Managers often want to send their poor performers packing with a Trump-like point of the finger and a hearty “You’re fired.” No advanced warning … no documentation. But as this new ruling shows, if your paper trail on the employee’s performance is lacking (or inconsistent with reality) you’re setting yourself up for a discrimination lawsuit …
Case in Point: Catherine Eno was 61 when she was laid off from her job as an assistant buyer for a Pennsylvania building supply company. The company claimed she was included in the RIF because she had a “poor work attitude” and lacked tenure.
Eno sued the company under the Age Discrimination in Employment Act (ADEA), arguing that age was the real reason for her termination. She pointed out that a co-worker who was younger but had the same job tenure was not let go. Also, the company couldn’t come up with any written documentation verifying Eno’s alleged poor attitude.
To the contrary, Eno supplied the court with positive written reviews including, “Cathy hit the ground running in eastern and is doing an excellent job for that department.”
The company argued that while herwas not documented, it really was observed to be poor. Plus, the company said it had suffered a 47% drop in business and needed to lay off employees.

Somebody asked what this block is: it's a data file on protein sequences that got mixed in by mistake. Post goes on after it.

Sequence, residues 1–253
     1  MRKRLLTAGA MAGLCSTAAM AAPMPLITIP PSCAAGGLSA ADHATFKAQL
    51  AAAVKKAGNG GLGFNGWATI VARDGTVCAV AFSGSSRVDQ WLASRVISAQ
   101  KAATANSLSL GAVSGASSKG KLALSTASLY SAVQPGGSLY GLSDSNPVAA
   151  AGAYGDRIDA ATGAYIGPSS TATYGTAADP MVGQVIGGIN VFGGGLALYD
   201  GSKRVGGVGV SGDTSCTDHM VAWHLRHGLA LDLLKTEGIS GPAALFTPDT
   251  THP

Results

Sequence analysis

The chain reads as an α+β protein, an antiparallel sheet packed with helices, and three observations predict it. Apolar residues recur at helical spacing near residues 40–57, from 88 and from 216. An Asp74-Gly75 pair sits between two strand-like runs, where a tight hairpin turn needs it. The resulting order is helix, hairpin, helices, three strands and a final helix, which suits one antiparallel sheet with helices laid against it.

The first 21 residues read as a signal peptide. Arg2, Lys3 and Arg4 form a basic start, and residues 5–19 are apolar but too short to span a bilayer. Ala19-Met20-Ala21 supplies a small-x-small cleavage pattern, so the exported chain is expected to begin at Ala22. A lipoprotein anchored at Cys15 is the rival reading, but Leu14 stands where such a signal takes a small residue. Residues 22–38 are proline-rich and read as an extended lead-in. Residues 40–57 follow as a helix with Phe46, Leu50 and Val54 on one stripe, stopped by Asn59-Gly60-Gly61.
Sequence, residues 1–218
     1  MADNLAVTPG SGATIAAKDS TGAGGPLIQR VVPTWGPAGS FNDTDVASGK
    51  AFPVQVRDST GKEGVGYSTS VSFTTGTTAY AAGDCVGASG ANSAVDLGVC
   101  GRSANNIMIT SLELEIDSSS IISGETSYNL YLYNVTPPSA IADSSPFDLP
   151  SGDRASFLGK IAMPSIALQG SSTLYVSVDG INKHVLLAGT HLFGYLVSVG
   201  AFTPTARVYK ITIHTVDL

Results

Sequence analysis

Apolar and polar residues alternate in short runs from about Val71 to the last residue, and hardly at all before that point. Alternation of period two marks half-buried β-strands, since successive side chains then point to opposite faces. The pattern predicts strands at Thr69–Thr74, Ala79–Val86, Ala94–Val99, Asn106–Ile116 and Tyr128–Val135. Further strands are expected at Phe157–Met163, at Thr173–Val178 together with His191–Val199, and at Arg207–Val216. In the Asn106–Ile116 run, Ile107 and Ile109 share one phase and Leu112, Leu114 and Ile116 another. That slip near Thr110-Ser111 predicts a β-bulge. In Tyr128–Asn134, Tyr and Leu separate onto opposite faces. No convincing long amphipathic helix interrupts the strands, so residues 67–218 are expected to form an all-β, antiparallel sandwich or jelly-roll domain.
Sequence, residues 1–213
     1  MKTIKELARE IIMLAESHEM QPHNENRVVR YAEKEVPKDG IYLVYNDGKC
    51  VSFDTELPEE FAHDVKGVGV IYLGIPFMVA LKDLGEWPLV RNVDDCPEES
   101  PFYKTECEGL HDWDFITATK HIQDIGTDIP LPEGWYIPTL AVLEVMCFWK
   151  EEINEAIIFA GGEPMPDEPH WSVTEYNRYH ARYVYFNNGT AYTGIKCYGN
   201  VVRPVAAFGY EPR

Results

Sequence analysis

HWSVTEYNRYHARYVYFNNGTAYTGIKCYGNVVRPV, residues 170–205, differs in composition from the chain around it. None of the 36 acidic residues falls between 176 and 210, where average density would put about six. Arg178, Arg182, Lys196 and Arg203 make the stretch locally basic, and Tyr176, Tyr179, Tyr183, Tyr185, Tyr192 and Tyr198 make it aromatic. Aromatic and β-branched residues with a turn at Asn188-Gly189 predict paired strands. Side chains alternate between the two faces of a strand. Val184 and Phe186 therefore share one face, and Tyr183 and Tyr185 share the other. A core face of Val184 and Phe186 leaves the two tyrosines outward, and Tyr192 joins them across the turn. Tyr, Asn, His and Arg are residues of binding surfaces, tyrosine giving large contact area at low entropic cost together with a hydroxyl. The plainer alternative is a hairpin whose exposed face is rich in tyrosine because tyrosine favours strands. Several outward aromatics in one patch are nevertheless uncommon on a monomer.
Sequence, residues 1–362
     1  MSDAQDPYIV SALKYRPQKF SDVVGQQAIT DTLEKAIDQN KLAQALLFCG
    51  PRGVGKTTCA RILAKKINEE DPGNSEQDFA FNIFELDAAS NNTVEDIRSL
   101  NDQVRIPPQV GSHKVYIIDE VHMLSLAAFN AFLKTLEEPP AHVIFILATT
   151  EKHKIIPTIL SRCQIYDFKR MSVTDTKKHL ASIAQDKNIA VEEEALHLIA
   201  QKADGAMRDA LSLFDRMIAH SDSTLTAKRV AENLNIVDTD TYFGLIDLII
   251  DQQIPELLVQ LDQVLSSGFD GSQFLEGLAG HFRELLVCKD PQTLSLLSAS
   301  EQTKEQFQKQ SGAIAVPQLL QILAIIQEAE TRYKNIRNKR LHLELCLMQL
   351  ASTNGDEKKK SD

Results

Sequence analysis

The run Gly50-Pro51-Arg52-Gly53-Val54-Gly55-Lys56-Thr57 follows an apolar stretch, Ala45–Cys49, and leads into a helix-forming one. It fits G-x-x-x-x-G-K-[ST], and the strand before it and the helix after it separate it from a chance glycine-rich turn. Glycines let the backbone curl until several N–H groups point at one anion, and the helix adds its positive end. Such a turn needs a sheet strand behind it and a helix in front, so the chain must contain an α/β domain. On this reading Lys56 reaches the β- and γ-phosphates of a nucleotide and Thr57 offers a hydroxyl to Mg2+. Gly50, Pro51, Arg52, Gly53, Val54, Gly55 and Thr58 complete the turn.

This initially seemed acceptable to the court. But the court raised its eyebrows at contradictory reasons given by the company to lay off Eno. While managers wrote positive written evaluations, they back-peddled in oral testimony, saying her work was “marginal” and she was “perceived as difficult to work with.” That left a question of fact for the jury to decide if she was really fired because of her age. (Eno v. Lumbermans Merch. Corp. E.D.Pa., 4/18/12)
Bottom line: Inconsistency created the liability.
3 Lessons Learned ... Without Going to Court
1. Always document poor performance. Courts find it fishy when employers fire an employee for “poor performance” without a written record of it. It leaves open the possibility that the firing was for discriminatory reasons—something an employer would not document!
2. Don’t glow. If an employee is a poor performer, don’t write up a glowing review. It will come back to bite you, as it did in this case.
3. Get your business strategies straight. The court noted that one manager testified that performance was not taken into consideration when deciding on whom to lay off. Yet, another manager said it was. Which one was lying…or confused? Now, the jury will get to decide the truth
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